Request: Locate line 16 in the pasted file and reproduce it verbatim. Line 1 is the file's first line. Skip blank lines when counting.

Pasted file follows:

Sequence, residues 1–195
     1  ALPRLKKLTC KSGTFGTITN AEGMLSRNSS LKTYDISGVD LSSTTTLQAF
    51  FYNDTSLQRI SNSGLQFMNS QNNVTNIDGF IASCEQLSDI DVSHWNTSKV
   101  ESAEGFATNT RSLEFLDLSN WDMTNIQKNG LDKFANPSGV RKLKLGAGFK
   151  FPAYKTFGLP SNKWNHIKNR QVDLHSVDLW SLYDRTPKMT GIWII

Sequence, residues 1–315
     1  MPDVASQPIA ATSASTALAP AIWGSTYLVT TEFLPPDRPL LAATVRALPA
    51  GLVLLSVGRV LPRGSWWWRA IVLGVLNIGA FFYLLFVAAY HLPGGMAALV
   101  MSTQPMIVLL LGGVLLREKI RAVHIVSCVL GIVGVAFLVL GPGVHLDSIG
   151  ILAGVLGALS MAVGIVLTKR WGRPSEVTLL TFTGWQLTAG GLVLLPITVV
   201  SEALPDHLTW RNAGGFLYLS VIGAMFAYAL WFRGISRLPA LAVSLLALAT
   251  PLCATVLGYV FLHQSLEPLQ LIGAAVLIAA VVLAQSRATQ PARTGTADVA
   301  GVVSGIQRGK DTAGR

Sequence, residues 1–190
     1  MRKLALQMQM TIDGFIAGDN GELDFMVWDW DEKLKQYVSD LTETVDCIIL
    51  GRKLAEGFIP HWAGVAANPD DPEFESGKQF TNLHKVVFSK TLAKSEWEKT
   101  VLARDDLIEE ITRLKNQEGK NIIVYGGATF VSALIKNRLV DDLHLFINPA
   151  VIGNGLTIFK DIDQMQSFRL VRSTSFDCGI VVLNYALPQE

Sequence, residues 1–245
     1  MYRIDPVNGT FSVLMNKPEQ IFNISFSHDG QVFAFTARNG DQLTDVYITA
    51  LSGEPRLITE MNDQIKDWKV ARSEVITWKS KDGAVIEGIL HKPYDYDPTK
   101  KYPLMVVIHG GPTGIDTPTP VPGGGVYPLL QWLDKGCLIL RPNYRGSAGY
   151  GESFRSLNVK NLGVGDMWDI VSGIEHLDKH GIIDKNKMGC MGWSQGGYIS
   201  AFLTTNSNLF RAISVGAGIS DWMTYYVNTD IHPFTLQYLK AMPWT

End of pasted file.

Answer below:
    51  GRKLAEGFIP HWAGVAANPD DPEFESGKQF TNLHKVVFSK TLAKSEWEKT